"When the immune system encounters an infectious agent, it responds and conveys information to the brain," he said. "We were able to show that when the peripheral immune system conveyed information to the brain in the neonate, their cognitive abilities were hindered. That reveals another advantage of the neonatal piglet model."
The viral mimetic also increased pro-inflammatory cytokines in the hippocampus, a brain area involved in certain types of learning and memory. Pro-inflammatory cytokines in the hippocampus inhibit memory consolidation, making it more difficult to learn, Johnson added.
The Johnson lab is currently using MRI imaging to study brain development in piglets from two weeks of age until the piglets reach sexual maturity or an adolescent stage.
Results of this research project, "Behavioral assessment of cognitive function using a translational neonatal piglet model," were published in Brain, Behavior, and Immunity. Researchers included Rodney Johnson and Ryan Dilger, both of the University of Illinois.
Jennifer Shike | EurekAlert!
Plasma-zapping process could yield trans fat-free soybean oil product
02.12.2016 | Purdue University
New findings about the deformed wing virus, a major factor in honey bee colony mortality
11.11.2016 | Veterinärmedizinische Universität Wien
Physicists of the University of Würzburg have made an astonishing discovery in a specific type of topological insulators. The effect is due to the structure of the materials used. The researchers have now published their work in the journal Science.
Topological insulators are currently the hot topic in physics according to the newspaper Neue Zürcher Zeitung. Only a few weeks ago, their importance was...
In recent years, lasers with ultrashort pulses (USP) down to the femtosecond range have become established on an industrial scale. They could advance some applications with the much-lauded “cold ablation” – if that meant they would then achieve more throughput. A new generation of process engineering that will address this issue in particular will be discussed at the “4th UKP Workshop – Ultrafast Laser Technology” in April 2017.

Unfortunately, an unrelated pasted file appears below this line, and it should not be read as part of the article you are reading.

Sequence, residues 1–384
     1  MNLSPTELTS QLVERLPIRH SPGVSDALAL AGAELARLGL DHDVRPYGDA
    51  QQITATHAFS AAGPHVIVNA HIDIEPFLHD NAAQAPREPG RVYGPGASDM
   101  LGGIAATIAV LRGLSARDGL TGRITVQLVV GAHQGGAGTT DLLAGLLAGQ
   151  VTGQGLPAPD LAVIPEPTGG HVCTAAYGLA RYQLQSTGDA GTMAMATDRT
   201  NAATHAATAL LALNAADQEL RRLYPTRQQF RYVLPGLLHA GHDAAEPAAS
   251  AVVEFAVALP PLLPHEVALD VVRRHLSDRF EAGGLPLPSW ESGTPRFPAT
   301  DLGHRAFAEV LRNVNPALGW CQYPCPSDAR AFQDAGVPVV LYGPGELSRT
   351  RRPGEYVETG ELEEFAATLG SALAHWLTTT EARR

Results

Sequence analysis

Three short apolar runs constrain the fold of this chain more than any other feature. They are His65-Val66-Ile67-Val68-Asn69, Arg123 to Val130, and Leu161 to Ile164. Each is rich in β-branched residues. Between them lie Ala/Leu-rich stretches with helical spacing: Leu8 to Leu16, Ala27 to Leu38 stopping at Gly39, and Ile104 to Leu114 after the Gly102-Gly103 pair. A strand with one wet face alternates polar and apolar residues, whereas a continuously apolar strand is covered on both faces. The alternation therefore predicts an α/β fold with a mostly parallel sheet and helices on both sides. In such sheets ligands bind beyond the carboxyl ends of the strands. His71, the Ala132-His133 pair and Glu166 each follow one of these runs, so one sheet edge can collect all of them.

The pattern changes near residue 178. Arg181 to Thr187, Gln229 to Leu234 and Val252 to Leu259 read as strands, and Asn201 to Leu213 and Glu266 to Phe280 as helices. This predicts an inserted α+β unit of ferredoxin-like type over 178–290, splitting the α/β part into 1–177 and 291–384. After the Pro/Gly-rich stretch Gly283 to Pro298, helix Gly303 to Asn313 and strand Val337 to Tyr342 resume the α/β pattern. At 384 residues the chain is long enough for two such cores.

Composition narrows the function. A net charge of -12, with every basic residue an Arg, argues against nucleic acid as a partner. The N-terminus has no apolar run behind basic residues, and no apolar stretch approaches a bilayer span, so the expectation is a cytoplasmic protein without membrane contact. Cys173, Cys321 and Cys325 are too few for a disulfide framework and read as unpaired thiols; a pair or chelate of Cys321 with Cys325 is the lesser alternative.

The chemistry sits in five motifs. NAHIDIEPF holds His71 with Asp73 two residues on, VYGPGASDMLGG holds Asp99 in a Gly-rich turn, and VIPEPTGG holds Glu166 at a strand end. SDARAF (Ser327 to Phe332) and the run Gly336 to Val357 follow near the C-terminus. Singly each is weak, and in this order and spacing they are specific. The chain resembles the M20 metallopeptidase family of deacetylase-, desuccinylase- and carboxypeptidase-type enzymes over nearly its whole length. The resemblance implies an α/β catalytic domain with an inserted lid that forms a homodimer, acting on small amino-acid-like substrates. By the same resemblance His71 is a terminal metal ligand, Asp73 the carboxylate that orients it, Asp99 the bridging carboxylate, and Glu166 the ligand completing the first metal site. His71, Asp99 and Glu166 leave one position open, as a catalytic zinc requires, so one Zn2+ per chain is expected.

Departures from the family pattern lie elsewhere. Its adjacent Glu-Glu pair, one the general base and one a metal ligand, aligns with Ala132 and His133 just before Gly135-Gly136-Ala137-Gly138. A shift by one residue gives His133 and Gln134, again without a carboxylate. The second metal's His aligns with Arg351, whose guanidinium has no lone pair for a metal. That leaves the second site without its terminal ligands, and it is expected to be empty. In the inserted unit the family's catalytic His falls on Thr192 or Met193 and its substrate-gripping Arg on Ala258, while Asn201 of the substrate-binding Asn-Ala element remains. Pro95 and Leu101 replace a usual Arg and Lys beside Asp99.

Even back in the 1990s, scientists were comparing materials processing with nanosecond, picosecond and femtosesecond pulses. The result was surprising:...
Have you ever wondered how you see the world? Vision is about photons of light, which are packets of energy, interacting with the atoms or molecules in what...
A multi-institutional research collaboration has created a novel approach for fabricating three-dimensional micro-optics through the shape-defined formation of porous silicon (PSi), with broad impacts in integrated optoelectronics, imaging, and photovoltaics.
Working with colleagues at Stanford and The Dow Chemical Company, researchers at the University of Illinois at Urbana-Champaign fabricated 3-D birefringent...
In experiments with magnetic atoms conducted at extremely low temperatures, scientists have demonstrated a unique phase of matter: The atoms form a new type of quantum liquid or quantum droplet state. These so called quantum droplets may preserve their form in absence of external confinement because of quantum effects. The joint team of experimental physicists from Innsbruck and theoretical physicists from Hannover report on their findings in the journal Physical Review X.
“Our Quantum droplets are in the gas phase but they still drop like a rock,” explains experimental physicist Francesca Ferlaino when talking about the...
16.11.2016 | Event News
01.11.2016 | Event News
14.10.2016 | Event News
09.12.2016 | Life Sciences
09.12.2016 | Ecology, The Environment and Conservation
09.12.2016 | Health and Medicine